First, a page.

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Is Kimbo Slice Really Any Good?

Jeremy KaufmanSenior Analyst IOctober 8, 2008

For months, an ongoing debate has taken place between serious and casual MMA fans alike over whether or not Kimbo Slice is a legitimate mixed martial arts fighter. Kimbo has already proven that he has what it takes to win brawls on the streets, but the most knowledgeable of MMA fans have always suspected that his street skills wouldn’t be enough to translate to true success in the octagon.

Last Saturday, Ken Shamrock, who was scheduled to fight Slice in an epic battle, was strangely scratched from the match at the last minute due to an injury he had suffered while sparring. In his place, a relatively unknown fighter by the name of Seth Petruzelli stepped up and accepted the fight against Kimbo. By all accounts, this was a fight Slice should have won easily if there would ever be any hope for him to establish himself as a legitimate MMA fighter. However, things did not quite go as planned.

Within 14 seconds, Kimbo was TKOed and Petruzelli was declared the winner. While this fight was exceptionally short, it did give me time to assess certain glaring weaknesses in Silce’s game. First off, Slice’s standing and ground defense are both far below average. When he went in to attack Petruzelli, Slice left his face wide open for a hook, and was immediately planted onto the ground.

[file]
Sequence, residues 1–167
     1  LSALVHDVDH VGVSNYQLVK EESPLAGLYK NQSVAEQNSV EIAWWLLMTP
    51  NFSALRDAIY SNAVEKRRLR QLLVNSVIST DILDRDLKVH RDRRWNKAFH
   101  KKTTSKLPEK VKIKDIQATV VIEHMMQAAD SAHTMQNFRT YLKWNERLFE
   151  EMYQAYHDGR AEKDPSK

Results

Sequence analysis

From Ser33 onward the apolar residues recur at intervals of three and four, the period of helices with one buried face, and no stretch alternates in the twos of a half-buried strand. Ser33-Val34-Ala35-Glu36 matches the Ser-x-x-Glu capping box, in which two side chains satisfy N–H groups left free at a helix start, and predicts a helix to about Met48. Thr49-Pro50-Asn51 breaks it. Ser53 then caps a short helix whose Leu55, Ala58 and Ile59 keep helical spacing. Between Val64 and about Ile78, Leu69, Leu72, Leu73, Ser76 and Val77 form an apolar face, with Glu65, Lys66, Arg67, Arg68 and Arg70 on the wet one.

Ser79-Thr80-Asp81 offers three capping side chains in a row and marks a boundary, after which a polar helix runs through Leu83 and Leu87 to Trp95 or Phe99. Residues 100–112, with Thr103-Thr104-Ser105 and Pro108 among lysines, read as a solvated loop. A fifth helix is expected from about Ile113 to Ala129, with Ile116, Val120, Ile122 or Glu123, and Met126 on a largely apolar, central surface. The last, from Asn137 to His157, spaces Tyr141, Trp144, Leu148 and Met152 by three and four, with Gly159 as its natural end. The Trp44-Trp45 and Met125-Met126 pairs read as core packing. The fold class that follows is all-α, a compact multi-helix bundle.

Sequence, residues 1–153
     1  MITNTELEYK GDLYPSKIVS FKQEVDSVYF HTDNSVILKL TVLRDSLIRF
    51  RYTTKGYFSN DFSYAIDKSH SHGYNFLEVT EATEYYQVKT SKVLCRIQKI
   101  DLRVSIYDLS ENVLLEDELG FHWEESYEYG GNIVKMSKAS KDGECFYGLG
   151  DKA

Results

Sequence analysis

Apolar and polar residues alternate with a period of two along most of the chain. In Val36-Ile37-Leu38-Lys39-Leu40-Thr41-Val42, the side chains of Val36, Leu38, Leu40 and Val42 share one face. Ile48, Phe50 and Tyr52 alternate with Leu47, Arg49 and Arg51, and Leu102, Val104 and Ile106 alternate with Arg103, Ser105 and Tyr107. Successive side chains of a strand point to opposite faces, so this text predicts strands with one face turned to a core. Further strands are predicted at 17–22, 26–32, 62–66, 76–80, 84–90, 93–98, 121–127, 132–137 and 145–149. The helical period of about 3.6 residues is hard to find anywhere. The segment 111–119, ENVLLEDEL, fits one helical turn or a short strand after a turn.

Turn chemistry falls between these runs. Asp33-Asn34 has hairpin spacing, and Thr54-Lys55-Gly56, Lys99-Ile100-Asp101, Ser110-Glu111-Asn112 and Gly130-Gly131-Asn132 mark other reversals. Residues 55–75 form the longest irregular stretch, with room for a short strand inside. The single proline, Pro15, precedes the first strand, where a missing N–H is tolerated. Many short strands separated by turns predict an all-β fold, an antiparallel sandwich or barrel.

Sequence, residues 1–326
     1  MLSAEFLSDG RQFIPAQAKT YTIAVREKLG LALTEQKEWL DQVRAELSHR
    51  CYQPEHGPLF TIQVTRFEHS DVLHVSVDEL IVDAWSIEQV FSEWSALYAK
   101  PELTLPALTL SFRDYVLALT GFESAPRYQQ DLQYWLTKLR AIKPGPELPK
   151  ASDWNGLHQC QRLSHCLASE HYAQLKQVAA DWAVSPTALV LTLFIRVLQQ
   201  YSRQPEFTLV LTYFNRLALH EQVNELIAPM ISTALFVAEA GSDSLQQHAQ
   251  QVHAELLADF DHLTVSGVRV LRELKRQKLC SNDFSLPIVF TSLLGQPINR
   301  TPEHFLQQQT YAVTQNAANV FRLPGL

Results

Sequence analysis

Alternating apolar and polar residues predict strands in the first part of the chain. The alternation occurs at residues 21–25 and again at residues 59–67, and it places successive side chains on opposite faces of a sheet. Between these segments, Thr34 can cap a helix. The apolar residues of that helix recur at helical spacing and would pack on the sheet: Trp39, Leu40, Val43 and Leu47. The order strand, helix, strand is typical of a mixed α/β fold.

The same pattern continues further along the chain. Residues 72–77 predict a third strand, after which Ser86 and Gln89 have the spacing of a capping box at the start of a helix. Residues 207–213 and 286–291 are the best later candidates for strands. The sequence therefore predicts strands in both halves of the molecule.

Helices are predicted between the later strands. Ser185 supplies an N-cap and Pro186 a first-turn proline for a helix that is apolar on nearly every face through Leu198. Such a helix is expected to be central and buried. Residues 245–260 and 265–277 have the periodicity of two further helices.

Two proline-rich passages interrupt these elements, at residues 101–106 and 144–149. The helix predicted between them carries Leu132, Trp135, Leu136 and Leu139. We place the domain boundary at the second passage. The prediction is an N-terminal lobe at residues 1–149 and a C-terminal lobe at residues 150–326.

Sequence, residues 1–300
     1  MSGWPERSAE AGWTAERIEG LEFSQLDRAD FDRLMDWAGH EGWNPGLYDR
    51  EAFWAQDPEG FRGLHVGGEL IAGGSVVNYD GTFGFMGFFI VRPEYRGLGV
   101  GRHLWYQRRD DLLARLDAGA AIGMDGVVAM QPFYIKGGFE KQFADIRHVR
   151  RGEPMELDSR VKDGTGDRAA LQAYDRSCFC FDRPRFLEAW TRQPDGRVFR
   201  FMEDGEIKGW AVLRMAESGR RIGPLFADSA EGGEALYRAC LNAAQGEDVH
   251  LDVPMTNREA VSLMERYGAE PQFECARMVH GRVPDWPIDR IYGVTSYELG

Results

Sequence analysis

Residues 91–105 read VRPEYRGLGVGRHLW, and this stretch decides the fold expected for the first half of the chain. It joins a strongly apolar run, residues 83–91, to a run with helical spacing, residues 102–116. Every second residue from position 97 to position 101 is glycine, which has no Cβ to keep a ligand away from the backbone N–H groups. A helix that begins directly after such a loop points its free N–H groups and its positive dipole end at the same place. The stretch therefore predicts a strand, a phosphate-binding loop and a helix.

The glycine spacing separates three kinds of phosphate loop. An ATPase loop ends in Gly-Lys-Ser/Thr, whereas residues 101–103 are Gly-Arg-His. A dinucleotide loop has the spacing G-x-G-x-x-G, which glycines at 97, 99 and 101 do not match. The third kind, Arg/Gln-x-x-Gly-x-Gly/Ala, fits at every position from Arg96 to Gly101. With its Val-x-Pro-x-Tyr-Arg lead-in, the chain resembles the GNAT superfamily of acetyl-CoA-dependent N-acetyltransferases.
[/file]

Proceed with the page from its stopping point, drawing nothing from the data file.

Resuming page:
Once on the ground, Slice failed to protect his head or attempt to get himself into a favorable ground position. In fact, at no point did Kimbo even attempt to roll over when he was on the ground; by doing so, Slice would have given himself a direct view of his opponent, and he would have given himself the opportunity to sweep his opponent on the ground. However, he essentially just sat on the ground and took the punishment that he was given.

While Slice has the strength and athleticism to potentially be a great MMA fighter, his current talent level is still very, very low. As a professional MMA fighter, Slice’s only asset is his strong punching strength, a skill that, while valuable, certainly isn’t enough for him to succeed at the professional level.

Before Slice can even be considered an average fighter, he must first learn how to defend himself both while standing as well as on the ground. In addition, he must learn how to counter all different kinds of attacks, as well as how to control the opponent in the ground game.

Furthermore, Slice should learn to utilize his legs more in his attack. While it may take him years to master all of these skills, they are all certainly necessary if he ever hopes to be more than a marketing attraction.

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